Anatomy/Physiology
Natural Science
Material Type:
Diagram/Illustration
Reading
Provider:
WikiVet
Provider Set:
Anatomy & Physiology
Date Added:
12/27/2018
Aortic Arches - Anatomy & Physiology
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After emerging from the heart, the aortic artery divides into the right and left dorsal branches. Each branch feeds into a set of arches which are unique to the embryo. Most higher vertebrates have have 6 pairs of aortic arches. In the mammal the 5th pair do not form. These arches evolve to form some of the structures of the mammalian circulation. The fate of each arch varies.

Subject:
Anatomy/Physiology
Natural Science
Material Type:
Diagram/Illustration
Reading
Provider:
WikiVet
Provider Set:
Anatomy & Physiology
Date Added:
12/27/2018
Applied Ecology
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CC BY-SA
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Applied ecology is a framework for the application of knowledge about ecosystems so that actions can be taken to create a better balance and harmony between people and nature in order to reduce human impact on other beings and their habitats.

Subject:
Ecology
Natural Science
Material Type:
Textbook
Provider:
Wikibooks
Date Added:
04/26/2019
Archery, Spring 2006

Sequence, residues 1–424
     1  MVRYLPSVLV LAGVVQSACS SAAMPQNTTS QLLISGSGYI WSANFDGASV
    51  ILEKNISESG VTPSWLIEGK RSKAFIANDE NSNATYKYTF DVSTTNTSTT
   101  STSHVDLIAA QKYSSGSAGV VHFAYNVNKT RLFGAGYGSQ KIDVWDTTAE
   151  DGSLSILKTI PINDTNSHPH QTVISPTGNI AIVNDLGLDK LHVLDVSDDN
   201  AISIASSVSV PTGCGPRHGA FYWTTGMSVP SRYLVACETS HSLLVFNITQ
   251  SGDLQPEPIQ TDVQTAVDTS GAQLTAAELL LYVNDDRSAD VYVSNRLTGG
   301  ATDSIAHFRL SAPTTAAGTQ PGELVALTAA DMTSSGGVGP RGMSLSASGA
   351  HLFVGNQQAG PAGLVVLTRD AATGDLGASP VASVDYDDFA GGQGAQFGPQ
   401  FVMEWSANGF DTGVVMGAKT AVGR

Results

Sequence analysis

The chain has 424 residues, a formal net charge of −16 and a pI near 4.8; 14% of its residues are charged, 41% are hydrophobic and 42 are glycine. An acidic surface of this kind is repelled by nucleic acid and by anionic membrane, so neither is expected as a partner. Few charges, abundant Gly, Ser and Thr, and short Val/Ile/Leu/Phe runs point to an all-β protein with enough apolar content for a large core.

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CC BY-NC-SA
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This 12 session course is designed for the beginning or novice archer and uses recurve indoor target bows and equipment. The purpose of the course is to introduce students to the basic techniques of indoor target archery emphasizing the care and use of equipment, range safety, stance and shooting techniques, scoring and competition.

Subject:
Anatomy/Physiology
Natural Science
Material Type:
Full Course
Provider:
M.I.T.
Provider Set:
M.I.T. OpenCourseWare
Author:
Silva, Cheryl
Date Added:
01/01/2006
Arteries of the Hindlimb - Anatomy & Physiology
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Although the information on this page is based around the anatomy of the canine hindlimb, it is essentially the anatomy of the arteries in domestic species. Any major differences will be discussed on their respective pages

Subject:
Anatomy/Physiology
Natural Science
Material Type:
Diagram/Illustration
Reading
Provider:
WikiVet
Provider Set:
Anatomy & Physiology
Date Added:
12/27/2018
Atlas of Comparative Vertebrate Anatomy
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CC BY
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The Atlas of Comparative Anatomy began as a class project at SUNY Oneonta in 2017 because of the lack of a comprehensive freely-accessible photographic atlas. The majority of entries in this atlas were produced by students including dissection, photography, and identification. It is a work in progress, but we hope that students of anatomy find this a useful tool for studying anatomy outside of the lab.

The authors are interested in learning who adopts this tool for their course. If you do, please email Dr. Kristen Roosa at Kristen.Roosa@oneonta.edu.

PDF version available: https://dspace.sunyconnect.suny.edu/handle/1951/71276

Subject:
Anatomy/Physiology
Natural Science
Veterinary Science
Material Type:
Full Course
Author:
Kristen Roosa
Date Added:
03/25/2021
Autonomic Nervous System - Anatomy & Physiology